The feeling when you’re in the hands of a director who knows what they’re doing.
Maybe it says something about me that i have not the temperament to just enjoy something that isn’t spelt out, or to try to work it out for myself, or to let questions hang when answers (or at least blogger theories) are out there. As soon as I got to the end of Enemy, Google turned up posts about “the scariest final scene ever” or something to that effect. The interpretations I read online were interesting and certainly helped me to appreciate the movie on an added level or two, but because they’re the opinions of others, and came after my own watching of the film, I won’t go into them here. Instead I can talk about what I enjoyed about the film before I learned some alleged answers.
Firstly: there is nothing more enjoyable, movie viewing-wise, than discovering you’re in the hands of a filmmaker who knows what they’re doing. It’s a feeling that descends, sometimes slowly, sometimes immediately; it settles somewhere behind the base of the skull, once you begin to look past often misleading signs of “quality” (famous actors, slick cinematography, production values) and realise those things are there to support, not substitute for, something expert, inventive and interesting. This was my third time feeling this with director Denis Villeneuve – the first being Incendies, which… look: go into that one knowing nothing, and be prepared to be devastated; the second I’ll come to shortly.
Buttons are being deliberately pushed, tropes specifically referenced, and it’s all spoken in a language which, it quickly emerges, is all its own, with all sorts of careful, thoughtful little details
I had no idea what was going on for much of Enemy. My brain was throwing up various, often dissonant interpretations and readings of the images and sequences playing out before me, ideas informed as much by what I’d seen in other movies (the often reductive “I’ve seen this before” pigeonholing tendency) as by what I was seeing in this one. It was easy to call it “just” Hitchcock, or “just” Fight Club – by which I meant, someone merely ripping off other things for lack of ideas or artistry of their own – and then that “No wait – this guy knows what he’s doing” feeling descended upon me and settled. Enemy does indeed make those references, but also does so much more: it doesn’t pretend you’ve never seen those movies; it assumes you’ve absorbed them and are ready for new ideas which use your understanding of those films as building blocks. It’s not postmodern, but it is assuming literacy. Buttons are being deliberately pushed, tropes specifically referenced, and it’s all spoken in a language which, it quickly emerges, is all its own, with all sorts of careful, thoughtful little details. I began to take pleasure in the cognitive dissonance between all the different interpretations and understandings my brain was rapid firing off as I watched – and I began to suspect that this was exactly what the film maker was after.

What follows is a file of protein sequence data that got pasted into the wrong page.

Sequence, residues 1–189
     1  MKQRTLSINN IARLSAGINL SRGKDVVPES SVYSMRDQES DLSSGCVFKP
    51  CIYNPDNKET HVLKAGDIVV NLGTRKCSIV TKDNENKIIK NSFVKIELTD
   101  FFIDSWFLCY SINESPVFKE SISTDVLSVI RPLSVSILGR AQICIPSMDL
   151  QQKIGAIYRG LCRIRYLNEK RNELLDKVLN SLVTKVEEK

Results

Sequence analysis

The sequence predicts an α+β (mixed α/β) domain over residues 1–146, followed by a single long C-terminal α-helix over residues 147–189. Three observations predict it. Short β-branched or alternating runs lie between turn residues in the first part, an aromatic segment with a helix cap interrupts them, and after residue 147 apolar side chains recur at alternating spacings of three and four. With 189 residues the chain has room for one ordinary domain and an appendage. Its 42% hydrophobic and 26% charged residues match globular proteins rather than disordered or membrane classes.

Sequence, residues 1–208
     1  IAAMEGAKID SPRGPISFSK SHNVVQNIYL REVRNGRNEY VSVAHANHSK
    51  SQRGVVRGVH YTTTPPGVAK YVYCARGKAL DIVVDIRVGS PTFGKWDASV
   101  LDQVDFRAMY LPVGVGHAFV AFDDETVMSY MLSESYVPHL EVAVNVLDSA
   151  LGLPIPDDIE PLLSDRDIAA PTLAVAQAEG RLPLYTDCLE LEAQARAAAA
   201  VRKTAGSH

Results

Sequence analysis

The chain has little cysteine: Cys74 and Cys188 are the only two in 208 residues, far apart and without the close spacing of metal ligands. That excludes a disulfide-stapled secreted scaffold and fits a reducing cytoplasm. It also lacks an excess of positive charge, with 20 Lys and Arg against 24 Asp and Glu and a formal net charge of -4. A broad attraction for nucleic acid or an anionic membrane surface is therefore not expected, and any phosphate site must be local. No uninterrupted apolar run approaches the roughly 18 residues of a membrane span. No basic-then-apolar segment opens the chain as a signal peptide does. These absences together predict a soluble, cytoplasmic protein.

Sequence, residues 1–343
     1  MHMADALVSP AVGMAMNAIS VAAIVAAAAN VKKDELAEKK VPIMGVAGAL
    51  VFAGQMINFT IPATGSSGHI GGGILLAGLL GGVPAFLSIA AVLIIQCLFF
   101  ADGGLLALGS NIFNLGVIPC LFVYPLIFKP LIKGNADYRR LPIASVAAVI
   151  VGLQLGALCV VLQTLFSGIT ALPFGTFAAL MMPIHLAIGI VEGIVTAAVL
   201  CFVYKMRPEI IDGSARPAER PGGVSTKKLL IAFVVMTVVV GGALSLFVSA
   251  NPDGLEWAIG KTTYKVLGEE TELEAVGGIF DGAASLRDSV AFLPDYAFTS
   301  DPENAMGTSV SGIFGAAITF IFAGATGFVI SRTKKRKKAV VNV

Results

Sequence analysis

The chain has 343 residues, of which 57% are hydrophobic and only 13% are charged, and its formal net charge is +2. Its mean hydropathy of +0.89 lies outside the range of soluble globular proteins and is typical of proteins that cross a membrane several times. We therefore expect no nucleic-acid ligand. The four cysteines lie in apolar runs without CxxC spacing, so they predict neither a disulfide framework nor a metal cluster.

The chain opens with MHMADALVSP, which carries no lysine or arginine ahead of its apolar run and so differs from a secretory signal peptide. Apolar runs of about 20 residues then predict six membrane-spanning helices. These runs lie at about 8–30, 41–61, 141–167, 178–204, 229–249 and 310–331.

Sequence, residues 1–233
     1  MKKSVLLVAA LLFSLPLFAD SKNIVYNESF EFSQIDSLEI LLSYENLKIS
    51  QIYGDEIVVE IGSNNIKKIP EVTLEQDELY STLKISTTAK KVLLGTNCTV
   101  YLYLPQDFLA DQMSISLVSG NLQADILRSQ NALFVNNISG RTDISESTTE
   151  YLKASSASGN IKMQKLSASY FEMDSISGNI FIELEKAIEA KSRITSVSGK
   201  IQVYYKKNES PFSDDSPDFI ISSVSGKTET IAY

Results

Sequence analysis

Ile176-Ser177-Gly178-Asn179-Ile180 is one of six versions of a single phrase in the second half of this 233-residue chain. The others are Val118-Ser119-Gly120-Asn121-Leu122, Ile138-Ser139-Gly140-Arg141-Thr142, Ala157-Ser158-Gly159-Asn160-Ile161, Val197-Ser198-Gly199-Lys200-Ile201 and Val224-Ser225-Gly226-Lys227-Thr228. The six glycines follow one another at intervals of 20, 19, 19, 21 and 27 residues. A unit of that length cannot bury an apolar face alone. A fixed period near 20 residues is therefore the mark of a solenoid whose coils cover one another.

I can point to specific things – beautiful little details in Jake Gyllenhall‘s performance (more subtle / less distracting eye-acting than his blinking in his other collaboration with Villeneuve, Prisoners); Roger Deakins‘ ever-stunning cinematography (it’s the combo of him and Villeneuve that made me watch this, in anticipation of their upcoming sequel to Blade Runner); or the scene with his wife, with her tearful plea: “I think you do know”. This may have been the scene that sealed the deal on this movie for me. It was the fork in the film’s narrative: from this point on, the film would have to go down one of two paths – and, while both pointed to familiar stories I had little interest in watching again (conspiracy theory / alien invasion, or split personality), I realised I was in anyway; furthermore, I realised the only reason I wouldn’t want to see either story told again is not because of the stories themselves, but because I’d seen them told so badly so many times before. I’ve surely said this elsewhere in this archive, but I don’t care what the story being told is if it’s told well. Once I realised I was in the hands of a properly filmic storyteller, I was in – and, even after getting to the end with more questions than answers, they’d been raised by experiencing a profound understanding of filmic language at work.